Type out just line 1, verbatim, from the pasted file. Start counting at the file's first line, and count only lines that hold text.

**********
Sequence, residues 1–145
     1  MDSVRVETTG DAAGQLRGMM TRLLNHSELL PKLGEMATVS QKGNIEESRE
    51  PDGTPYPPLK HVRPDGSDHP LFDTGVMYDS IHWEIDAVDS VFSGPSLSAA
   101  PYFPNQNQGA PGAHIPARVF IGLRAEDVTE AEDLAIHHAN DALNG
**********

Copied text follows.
Sequence, residues 1–145